Bank of China

This report analyses the provision of cheque services by Bank of China (Hong Kong) and evaluates the need for providing such a service. Most, if not all, banks provide this service. Nevertheless the report’s aim is to overlook this tradition and give an insight into whether a bank should really be providing this service. The Bank Wide Operation Department is in charge of the bank’s cheque clearing process. A staff member from this department was interviewed regarding the cheque services. The report reviews the current system setup to deal with cheques and forecasts what the future holds for a cheque service providing bank.

Investigation of the current system reveal problems that are encountered in processing cheques such as time delay and administrative complications which bring up the question of continuing the provision of cheque services. Further findings include The Payments Council’s plans to abolish cheques by the year 2018. Nevertheless, the cheque is still favourable to certain groups of consumers who do not have personal bank accounts. Several recommendations are made to overcome the issues faced when providing the cheque services.

There is some truth in the belief that cheques will be used for at least another decade and corporations’ long term decisions usually do not cover very long time periods owing to the rapidly changing nature of the economy. The highly recommended alternative is the prepaid card system. If the bank is successful in implementing this system, to the extent to which it gets as famous as the cheque system, there may be significant improvements to the bank’s performance. Another recommendation is the coding system which is a modification of the cheque system that employs more advanced technology.

These recommendations are suggested after predicting what the future may hold for a bank’s cheque service department. Contents 1 Introduction The cheque is a document and is used as a method of payment in which the payer orders his/her bank to release a specified amount of money in his/her bank account to the payee. According to the Hong Kong Monetary Authority (HKMA), 500,000 cheques were processed each day amounting to 31 billion dollars in Hong Kong ("Payment, clearing and settlement systems in Hong Kong," 2011). Cheque clearance has been an essential operation of a bank for as long as banks have been around.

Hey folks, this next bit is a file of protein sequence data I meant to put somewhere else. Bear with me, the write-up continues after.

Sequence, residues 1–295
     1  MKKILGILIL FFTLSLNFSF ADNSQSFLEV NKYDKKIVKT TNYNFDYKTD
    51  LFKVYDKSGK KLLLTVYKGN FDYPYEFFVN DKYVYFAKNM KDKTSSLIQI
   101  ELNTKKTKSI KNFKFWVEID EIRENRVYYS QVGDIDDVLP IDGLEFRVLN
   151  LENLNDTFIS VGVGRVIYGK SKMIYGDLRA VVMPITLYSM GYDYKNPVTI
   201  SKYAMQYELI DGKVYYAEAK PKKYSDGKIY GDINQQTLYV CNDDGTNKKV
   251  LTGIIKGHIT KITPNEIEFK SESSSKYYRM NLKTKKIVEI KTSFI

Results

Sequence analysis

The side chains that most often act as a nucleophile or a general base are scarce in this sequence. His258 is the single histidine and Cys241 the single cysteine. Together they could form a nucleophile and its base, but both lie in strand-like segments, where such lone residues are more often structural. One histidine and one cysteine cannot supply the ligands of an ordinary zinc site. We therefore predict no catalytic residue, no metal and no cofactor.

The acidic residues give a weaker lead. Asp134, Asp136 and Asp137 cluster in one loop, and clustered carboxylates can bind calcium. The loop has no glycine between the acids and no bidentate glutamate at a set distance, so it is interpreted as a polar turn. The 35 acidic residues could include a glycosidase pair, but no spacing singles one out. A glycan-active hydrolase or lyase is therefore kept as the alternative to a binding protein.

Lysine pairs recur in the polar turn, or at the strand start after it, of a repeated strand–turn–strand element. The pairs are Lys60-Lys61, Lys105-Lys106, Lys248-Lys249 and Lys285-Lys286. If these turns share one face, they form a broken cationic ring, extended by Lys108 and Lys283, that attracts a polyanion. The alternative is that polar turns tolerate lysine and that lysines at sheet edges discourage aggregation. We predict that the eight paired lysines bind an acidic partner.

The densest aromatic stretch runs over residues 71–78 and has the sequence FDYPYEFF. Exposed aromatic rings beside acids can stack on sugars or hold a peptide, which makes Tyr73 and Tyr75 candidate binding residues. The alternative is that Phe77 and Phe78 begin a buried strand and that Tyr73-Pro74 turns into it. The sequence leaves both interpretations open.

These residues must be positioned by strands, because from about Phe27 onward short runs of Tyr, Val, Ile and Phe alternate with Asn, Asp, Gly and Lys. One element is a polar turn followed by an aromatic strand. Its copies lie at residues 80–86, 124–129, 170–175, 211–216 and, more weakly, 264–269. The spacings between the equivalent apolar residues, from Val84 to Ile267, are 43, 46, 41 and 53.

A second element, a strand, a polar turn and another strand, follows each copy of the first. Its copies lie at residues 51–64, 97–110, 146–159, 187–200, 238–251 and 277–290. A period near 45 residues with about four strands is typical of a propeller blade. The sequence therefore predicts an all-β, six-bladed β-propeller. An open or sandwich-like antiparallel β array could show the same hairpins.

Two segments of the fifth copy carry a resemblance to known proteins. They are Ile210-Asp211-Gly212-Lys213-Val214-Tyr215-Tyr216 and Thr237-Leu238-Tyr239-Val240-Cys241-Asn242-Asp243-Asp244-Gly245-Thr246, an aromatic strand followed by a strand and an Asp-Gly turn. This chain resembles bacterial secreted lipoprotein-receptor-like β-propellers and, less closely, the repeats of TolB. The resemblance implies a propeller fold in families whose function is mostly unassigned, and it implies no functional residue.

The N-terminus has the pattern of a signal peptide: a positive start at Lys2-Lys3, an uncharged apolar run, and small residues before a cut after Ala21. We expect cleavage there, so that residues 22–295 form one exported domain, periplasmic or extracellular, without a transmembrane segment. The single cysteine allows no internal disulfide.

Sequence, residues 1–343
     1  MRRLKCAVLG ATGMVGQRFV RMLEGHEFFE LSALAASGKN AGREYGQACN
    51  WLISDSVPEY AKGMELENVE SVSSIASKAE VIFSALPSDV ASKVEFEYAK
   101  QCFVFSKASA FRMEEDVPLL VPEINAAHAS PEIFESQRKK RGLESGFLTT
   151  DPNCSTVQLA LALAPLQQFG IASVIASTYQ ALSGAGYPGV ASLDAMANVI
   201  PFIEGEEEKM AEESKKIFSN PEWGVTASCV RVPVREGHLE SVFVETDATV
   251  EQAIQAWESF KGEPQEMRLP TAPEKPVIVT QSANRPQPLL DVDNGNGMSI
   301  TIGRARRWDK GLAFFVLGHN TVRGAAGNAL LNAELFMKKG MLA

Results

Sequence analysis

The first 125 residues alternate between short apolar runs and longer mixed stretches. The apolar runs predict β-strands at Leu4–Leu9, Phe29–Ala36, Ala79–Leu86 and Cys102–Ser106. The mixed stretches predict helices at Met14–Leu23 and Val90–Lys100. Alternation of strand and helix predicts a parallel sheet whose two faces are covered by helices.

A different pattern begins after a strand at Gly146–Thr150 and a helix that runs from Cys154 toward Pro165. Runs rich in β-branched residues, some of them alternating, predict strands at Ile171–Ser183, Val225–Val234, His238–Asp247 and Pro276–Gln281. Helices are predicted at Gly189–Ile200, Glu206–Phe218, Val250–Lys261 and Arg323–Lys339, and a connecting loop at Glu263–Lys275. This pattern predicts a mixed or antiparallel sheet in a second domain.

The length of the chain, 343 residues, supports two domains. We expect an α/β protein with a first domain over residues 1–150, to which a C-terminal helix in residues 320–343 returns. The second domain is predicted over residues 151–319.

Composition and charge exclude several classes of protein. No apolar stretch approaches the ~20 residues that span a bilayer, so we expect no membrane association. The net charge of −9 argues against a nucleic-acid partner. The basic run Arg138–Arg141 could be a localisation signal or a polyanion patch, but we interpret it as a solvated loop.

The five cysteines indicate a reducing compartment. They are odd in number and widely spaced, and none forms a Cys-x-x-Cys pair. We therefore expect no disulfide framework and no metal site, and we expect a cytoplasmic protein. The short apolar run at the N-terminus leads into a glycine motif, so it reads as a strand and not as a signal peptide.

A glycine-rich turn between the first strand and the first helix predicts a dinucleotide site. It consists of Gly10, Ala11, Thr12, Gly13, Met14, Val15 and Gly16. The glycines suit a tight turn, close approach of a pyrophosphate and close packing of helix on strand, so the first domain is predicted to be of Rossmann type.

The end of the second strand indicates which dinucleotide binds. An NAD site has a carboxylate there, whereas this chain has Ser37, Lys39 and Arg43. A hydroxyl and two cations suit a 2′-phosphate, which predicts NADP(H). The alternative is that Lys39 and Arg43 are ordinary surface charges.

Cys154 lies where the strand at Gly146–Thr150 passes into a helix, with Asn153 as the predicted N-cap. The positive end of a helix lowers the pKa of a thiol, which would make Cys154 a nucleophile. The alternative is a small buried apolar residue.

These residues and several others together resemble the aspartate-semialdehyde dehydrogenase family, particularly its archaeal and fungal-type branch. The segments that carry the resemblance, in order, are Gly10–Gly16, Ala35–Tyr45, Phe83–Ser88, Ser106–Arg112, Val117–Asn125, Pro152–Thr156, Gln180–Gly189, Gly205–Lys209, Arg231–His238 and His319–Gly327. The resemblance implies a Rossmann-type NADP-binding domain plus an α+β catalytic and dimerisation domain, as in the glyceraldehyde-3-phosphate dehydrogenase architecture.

It can be divided into inward and outward clearing. Suppose Mr Brown issues a cheque to Mr Green. Let Mr Brown’s bank be ABC and Mr Green’s bank be XYZ. When Mr Green deposits the cheque into his bank, XYZ would transfer details of the cheque to ABC via an intermediary. This process is known as outward clearing in XYZ’s perspective. When ABC receives the information about the cheque and handles the clearing from there onwards it is known as inward clearing in ABC’s perspective. Bank of China (Hong Kong) has 260 branches and is one of the three note issuing banks in Hong Kong.

The bank processes on average 240,000 cheques every day. The figure can reach 360,000 during holidays, and the days in the beginning and end of months. The Bank Wide Operation Department in Bank of China (Hong Kong) is set up to handle daily cheque transactions as well as other routine operational activities. This report analyses the cheque service of a bank in the perspective of Bank of China (Hong Kong). Furthermore, the purpose of this report is to attempt to identify what the future holds for cheques and to recommend methods of dealing with the demands that may arise in the future for a cheque service providing bank.

2 Current system When a customer of Bank of China (Hong Kong) issues a cheque, the payee cashes the cheque at the payee’s bank. The payee’s bank may be different from Bank of China (Hong Kong). The process, in this case, includes the additional transaction accommodated by Hong Kong Interbank Clearing Limited (HKICL) in order to transfer funds between Bank of China (Hong Kong) and the other bank. Bank of China (Hong Kong) receives cheques of other banks. These cheques are collected at the end of the day and sorted using a machine according to their respective source banks.